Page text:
What makes me really nervous about Bush is not what he has done, but the question:
What would he do in a second term?
Since he wouldn’t need to worry about getting re-elected, the sky’s the limit.
One thing he said he would do is lower Social Security benefits and increase government costs by around $2 trillion, "moving quickly" in his next term. (Story links open in new windows)
But that may not be the worst of it.
From watching clips of him in his revivalist-style, invitation-only tent meetings as he travels around the country, I think he may be getting ready for something big.
The problem with that is that he seems to get an idea in his head (god knows where from since he’s not big on input) and sticks with it in the face of reality.
The Ron Suskind article Without a Doubt in the NY Times over the weekend has examples of the kind of behavior I’m talking about. Here are a few excerpts:
‘Bush, Biden recalled, just looked at him, unflappably sure that the United States was on the right course and that all was well. ”’Mr. President,’ I finally said, ‘How can you be so sure when you know you don’t know the facts?”’
‘Biden said that Bush stood up and put his hand on the senator’s shoulder. ”My instincts,” he said. ”My instincts.”’
”’I don’t know why you’re talking about Sweden,” Bush said. ”They’re the neutral one. They don’t have an army.”
‘Lantos paused, a little shocked, and offered a gentlemanly reply: ”Mr. President, you may have thought that I said Switzerland. They’re the ones that are historically neutral, without an army.” Then Lantos mentioned, in a gracious aside, that the Swiss do have a tough national guard to protect the country in the event of invasion.
‘Bush held to his view. ”No, no, it’s Sweden that has no army.”
‘The room went silent, until someone changed the subject.’
‘The disdainful smirks and grimaces that many viewers were surprised to see in the first presidential debate are familiar expressions to those in the administration or in Congress who have simply asked the president to explain his positions. Since 9/11, those requests have grown scarce; Bush’s intolerance of doubters has, if anything, increased, and few dare to question him now.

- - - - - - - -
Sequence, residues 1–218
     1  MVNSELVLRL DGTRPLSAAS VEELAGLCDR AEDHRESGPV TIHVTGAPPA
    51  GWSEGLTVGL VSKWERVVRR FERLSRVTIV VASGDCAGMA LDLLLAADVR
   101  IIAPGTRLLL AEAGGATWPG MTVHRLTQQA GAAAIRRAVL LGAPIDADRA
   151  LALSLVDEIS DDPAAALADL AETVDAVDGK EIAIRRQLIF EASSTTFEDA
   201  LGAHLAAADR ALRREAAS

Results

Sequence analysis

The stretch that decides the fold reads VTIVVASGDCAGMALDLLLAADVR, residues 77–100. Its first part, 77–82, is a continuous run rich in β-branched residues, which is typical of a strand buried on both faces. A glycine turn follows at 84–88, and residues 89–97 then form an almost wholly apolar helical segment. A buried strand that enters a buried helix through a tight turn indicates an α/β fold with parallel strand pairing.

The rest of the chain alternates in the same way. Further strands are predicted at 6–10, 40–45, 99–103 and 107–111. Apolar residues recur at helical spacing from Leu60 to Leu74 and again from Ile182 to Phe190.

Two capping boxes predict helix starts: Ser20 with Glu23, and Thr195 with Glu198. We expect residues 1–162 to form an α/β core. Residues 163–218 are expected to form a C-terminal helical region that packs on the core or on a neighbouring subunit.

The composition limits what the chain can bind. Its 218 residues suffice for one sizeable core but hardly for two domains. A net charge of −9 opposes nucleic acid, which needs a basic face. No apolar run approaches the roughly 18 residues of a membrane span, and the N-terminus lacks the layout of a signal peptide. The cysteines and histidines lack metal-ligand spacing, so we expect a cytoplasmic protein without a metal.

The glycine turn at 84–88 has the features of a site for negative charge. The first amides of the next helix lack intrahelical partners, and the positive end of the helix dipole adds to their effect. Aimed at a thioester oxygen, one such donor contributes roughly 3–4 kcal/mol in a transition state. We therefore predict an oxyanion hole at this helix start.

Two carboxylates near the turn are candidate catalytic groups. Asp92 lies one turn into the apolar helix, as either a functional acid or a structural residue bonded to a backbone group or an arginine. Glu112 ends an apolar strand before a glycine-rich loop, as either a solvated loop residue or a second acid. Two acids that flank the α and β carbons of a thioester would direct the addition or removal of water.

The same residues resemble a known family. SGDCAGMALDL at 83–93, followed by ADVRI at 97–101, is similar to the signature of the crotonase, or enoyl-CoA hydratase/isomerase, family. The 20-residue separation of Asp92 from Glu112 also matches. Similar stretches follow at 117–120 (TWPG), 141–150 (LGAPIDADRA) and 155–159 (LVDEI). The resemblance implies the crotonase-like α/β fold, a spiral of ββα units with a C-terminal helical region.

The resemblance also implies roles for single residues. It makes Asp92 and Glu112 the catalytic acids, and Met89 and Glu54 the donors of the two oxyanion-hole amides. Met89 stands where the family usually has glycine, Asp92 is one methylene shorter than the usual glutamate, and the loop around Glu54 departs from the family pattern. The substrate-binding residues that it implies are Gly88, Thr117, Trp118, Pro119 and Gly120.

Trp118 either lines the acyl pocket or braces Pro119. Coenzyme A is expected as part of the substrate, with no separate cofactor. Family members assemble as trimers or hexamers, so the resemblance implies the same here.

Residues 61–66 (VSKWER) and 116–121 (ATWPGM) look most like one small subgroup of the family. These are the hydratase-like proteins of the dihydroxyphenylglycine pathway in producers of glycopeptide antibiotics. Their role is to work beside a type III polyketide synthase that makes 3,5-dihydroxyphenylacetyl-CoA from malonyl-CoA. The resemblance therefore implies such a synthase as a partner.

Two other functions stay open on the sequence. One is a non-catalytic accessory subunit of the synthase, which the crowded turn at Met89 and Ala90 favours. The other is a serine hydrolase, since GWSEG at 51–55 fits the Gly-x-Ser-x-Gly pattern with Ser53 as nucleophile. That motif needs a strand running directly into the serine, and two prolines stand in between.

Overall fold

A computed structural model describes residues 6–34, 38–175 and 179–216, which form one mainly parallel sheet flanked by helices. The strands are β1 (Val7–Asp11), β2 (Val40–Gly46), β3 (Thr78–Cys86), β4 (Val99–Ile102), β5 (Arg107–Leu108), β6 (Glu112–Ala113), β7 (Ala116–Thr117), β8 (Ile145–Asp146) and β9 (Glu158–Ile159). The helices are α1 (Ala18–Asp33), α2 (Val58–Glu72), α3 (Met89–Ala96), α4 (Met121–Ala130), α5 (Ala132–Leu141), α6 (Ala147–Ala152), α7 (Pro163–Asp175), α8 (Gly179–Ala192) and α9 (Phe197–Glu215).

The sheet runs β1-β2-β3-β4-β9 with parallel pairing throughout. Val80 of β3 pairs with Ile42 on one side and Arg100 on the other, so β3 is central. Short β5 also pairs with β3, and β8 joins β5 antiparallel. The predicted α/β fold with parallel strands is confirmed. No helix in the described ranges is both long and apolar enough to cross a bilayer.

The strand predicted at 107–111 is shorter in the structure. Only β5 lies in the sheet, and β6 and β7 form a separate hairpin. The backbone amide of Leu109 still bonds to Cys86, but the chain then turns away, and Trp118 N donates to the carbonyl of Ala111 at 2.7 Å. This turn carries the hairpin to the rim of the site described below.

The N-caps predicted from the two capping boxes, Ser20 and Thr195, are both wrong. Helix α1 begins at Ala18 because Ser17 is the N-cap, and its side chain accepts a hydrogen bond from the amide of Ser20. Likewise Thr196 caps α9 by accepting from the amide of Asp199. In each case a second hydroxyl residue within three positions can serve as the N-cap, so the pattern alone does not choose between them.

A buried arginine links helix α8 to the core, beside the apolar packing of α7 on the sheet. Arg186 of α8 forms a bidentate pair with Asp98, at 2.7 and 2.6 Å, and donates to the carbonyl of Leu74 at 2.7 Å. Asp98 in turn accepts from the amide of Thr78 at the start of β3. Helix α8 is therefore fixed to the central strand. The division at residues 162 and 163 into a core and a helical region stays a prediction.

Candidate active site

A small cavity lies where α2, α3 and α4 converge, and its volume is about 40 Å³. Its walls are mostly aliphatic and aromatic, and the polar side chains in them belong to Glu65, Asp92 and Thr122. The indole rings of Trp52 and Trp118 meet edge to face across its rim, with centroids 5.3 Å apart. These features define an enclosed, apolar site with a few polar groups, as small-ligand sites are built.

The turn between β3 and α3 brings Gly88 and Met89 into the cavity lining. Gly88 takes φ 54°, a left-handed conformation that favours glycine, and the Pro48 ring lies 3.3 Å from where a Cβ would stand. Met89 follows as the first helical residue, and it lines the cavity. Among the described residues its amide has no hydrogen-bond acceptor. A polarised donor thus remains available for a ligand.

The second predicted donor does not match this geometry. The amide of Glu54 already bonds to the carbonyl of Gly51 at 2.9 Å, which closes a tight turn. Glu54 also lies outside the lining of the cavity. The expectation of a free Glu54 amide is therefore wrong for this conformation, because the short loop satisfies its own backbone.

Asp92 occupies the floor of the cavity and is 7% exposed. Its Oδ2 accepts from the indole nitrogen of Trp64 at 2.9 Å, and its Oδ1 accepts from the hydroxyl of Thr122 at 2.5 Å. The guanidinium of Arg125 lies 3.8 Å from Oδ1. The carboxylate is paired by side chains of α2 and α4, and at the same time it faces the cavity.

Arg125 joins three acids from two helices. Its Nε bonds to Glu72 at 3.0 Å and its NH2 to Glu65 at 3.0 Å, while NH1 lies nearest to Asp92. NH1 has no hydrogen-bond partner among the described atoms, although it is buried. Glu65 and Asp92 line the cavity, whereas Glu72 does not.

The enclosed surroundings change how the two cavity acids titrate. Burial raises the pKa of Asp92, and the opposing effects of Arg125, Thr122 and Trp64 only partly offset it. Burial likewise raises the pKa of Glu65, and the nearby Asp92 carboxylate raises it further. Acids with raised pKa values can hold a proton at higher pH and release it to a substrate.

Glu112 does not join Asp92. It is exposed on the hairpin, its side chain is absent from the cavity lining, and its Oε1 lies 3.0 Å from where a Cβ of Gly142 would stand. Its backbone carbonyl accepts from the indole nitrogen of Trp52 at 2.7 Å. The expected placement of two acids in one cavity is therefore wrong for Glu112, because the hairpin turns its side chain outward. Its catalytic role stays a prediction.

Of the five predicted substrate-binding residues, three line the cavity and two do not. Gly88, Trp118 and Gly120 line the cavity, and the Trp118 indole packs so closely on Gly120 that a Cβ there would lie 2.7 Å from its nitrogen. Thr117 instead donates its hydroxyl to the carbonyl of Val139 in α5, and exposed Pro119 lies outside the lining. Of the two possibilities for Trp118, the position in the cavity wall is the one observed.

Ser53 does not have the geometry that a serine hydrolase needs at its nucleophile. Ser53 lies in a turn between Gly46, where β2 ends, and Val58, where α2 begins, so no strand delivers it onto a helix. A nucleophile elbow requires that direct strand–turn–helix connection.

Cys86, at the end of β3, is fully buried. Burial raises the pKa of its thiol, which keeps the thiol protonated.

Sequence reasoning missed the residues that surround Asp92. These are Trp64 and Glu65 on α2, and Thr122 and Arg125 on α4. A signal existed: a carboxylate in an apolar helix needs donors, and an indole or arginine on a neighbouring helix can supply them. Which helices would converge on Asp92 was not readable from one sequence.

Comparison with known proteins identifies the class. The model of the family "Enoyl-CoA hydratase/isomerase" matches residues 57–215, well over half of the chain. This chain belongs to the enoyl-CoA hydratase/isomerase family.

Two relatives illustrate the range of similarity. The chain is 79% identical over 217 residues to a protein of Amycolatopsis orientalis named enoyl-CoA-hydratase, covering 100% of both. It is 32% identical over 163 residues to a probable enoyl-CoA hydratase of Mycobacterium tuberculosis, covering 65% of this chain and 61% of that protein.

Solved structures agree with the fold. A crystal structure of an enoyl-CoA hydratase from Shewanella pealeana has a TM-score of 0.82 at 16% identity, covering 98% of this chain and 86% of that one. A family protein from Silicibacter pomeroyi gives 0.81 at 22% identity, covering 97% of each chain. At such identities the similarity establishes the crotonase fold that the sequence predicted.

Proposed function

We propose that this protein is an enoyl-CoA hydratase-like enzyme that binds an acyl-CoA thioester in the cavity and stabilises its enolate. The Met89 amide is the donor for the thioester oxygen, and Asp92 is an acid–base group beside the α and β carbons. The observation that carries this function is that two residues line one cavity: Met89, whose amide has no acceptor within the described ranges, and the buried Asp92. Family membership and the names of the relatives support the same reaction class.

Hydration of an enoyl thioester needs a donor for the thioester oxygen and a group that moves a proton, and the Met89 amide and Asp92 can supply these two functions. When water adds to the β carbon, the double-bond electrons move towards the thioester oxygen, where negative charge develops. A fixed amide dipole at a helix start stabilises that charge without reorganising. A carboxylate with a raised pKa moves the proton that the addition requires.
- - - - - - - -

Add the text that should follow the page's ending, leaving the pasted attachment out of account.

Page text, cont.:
‘A writ of infallibility — a premise beneath the powerful Bushian certainty that has, in many ways, moved mountains — is not just for public consumption: it has guided the inner life of the White House.’
You can find similar accounts in a variety of sources, including those favorable to Bush (like Bob Woodward’s books).
Suskind adds one of his own experiences:
‘In the summer of 2002, after I had written an article in Esquire that the White House didn’t like about Bush’s former communications director, Karen Hughes, I had a meeting with a senior adviser to Bush. He expressed the White House’s displeasure, and then he told me something that at the time I didn’t fully comprehend — but which I now believe gets to the very heart of the Bush presidency.
‘The aide said that guys like me were ”in what we call the reality-based community,” which he defined as people who ”believe that solutions emerge from your judicious study of discernible reality.”
‘I nodded and murmured something about enlightenment principles and empiricism. He cut me off.
”’That’s not the way the world really works anymore,” he continued. ”We’re an empire now, and when we act, we create our own reality. And while you’re studying that reality — judiciously, as you will — we’ll act again, creating other new realities, which you can study too, and that’s how things will sort out. We’re history’s actors . . . and you, all of you, will be left to just study what we do.”’
It makes me very nervous.
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